SLC anomaly – Crook Mountain

It has been quite some time since I have written a blog post.  Part of this is due to moving last summer and getting the house ready to sell.  Another factor would be my dedication of time to a game called Ingress.  If you look it up and join, go Enlightened (green).  Last of all, while I did manage some trips to see horses or Yellowstone and even new places like Teddy Roosevelt, I ended up either just putting the pictures directly on or a lot have still not even been converted from NEF. They were ok, but I didn’t have much to say about them and have no internet ( just hotspot from my phone).

So here is the first post in a while and most of it will be pictures without much commentary.  For those that don’t follow ingress, it will mainly be at the start.  I will add that with more time this summer, I have been able to mix my trips in to include both Ingress, and photography and camping.  While most of the pictures in this post and the next will be wild horses, the trip was centered around an anomaly in SLC  (Enlightened won) in which I tried GoRuck Urban for the first time ( we won 4-0).  My path there allowed me to both see the things I enjoy and hit some remote portals to try and help prevent a field over SLC for the anomaly. At the same time 2 teammates were doing the same from southern Utah.  It ended up looking like rails, but we had no plan that I know of to field.

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The anchor under the M is at Baroil and an entrance to the Green Mountain horse herd.  I did not get on the closest roads to Green Mountain, so I did not see any horses in that stretch.  It comes out at Crooks Gap, where I turned up Crooks Mountain and was rewarded with both wildflowers and quite a few of the Crooks Mountain herd.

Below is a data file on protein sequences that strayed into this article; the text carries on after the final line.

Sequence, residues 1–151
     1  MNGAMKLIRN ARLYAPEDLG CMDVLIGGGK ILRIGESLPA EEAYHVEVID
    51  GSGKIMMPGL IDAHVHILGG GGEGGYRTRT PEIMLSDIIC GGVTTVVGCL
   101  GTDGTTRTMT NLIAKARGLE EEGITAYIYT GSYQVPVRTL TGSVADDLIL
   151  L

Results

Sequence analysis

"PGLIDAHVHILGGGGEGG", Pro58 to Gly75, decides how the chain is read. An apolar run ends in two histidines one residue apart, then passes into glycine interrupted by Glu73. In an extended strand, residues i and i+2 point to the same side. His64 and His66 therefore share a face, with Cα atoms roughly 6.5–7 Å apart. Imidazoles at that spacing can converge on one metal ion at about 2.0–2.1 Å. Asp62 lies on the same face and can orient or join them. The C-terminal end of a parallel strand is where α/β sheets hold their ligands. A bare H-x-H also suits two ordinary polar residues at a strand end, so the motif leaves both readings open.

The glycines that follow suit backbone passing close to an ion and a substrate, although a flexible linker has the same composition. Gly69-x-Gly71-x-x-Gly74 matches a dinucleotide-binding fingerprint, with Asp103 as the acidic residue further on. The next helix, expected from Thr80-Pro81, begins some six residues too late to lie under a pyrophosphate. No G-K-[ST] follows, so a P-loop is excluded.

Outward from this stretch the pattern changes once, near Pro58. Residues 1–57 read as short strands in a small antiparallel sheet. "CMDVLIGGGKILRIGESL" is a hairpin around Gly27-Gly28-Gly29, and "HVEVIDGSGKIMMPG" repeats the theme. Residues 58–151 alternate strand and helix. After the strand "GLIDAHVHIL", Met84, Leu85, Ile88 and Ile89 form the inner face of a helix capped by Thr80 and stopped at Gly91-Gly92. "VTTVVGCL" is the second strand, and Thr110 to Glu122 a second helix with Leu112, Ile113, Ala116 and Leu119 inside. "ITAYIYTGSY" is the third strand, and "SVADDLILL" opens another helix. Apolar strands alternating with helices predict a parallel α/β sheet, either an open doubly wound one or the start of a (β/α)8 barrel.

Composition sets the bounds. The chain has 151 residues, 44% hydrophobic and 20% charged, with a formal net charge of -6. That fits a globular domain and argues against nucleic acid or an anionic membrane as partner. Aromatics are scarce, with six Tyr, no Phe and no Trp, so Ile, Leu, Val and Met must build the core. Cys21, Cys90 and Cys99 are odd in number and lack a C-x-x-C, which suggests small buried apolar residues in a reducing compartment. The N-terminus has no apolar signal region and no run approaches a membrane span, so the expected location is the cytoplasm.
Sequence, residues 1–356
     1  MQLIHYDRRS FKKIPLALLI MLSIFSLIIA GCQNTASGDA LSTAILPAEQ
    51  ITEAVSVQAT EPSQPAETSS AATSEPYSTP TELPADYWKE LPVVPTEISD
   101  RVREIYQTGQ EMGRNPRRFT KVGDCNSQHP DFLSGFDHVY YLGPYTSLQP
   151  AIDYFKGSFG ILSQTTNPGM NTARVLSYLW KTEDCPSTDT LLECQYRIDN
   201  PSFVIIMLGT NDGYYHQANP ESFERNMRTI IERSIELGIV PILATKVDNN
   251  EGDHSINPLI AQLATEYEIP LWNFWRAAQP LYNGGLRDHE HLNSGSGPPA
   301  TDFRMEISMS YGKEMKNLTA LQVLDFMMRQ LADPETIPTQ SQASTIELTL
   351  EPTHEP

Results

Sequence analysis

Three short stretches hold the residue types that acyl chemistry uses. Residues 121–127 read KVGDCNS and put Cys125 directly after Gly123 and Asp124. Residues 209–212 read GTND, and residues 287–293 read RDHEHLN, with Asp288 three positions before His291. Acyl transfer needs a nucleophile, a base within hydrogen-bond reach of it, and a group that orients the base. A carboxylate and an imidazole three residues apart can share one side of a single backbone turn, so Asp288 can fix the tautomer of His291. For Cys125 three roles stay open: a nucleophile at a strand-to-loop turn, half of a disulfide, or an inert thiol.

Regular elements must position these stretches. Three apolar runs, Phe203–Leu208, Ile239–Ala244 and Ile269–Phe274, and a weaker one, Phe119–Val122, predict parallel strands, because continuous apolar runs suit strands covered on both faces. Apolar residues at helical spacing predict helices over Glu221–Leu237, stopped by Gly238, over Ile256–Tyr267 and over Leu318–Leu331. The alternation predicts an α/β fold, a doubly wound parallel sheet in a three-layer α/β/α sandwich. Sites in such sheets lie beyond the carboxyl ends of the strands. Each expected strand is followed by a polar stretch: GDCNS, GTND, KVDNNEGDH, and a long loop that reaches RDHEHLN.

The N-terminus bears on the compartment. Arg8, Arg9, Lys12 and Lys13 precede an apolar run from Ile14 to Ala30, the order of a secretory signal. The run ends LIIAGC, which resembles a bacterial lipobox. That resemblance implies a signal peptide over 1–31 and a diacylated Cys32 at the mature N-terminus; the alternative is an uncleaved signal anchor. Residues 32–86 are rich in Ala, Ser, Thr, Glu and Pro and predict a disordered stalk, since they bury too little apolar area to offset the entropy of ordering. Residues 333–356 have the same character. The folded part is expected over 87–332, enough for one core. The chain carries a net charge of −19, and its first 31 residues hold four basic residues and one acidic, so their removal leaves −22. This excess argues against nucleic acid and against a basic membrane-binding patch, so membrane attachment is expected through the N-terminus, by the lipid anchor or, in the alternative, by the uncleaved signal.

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Lost Creek, Crooks Mountain and ..wherever

I decided to try a new route home from Adobe Town, and took the Wamsutter-Crooks haul road.  I was not sure what I would find for the road, but it was in excellent condition.  Even with a thunderstorm toward the northeast, I was not worried.  It had a good base and was practically a highway by Wyoming backroads standards.  I camped near the Mineral X road intersection and continued North in the morning.

I am not sure where any of the boundaries for HMA’s are in this area.  The map on the BLM site is a very broad map which doesn’t show details.  Several of the HMA’s border each other and the horses can travel between them.  I am hoping that one day they release a map with detailed borders, but until then I may place horses in some of the wrong HMA’s.  The first bands I saw were right near the intersection of Hadsell Road, which I am pretty sure puts them in Lost Creek HMA.  With the clouds, the light was still low when I began but picked up by the later pictures.  Most of this post will be horse pictures, with only a litle commentary after this to introduce where each set was taken.

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A little further up the road I came across a band being dogged by a bachelor.  I can’t remember now exactly where I was, but I am pretty sure I was north of Lost Creek, but not to Crooks yet and east of Antelope Hills.  I am not even sure this group was inside an HMA boundary, but they were wild.  The bachelor that was following is the beautiful tobiano.

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As I approached Crooks, there were some horses to the East side of the road.  There is fence there and I believe it may be private, but some of the horses look like the may have been wild at one time, or maybe still are because the fence looked spotty and passable in places.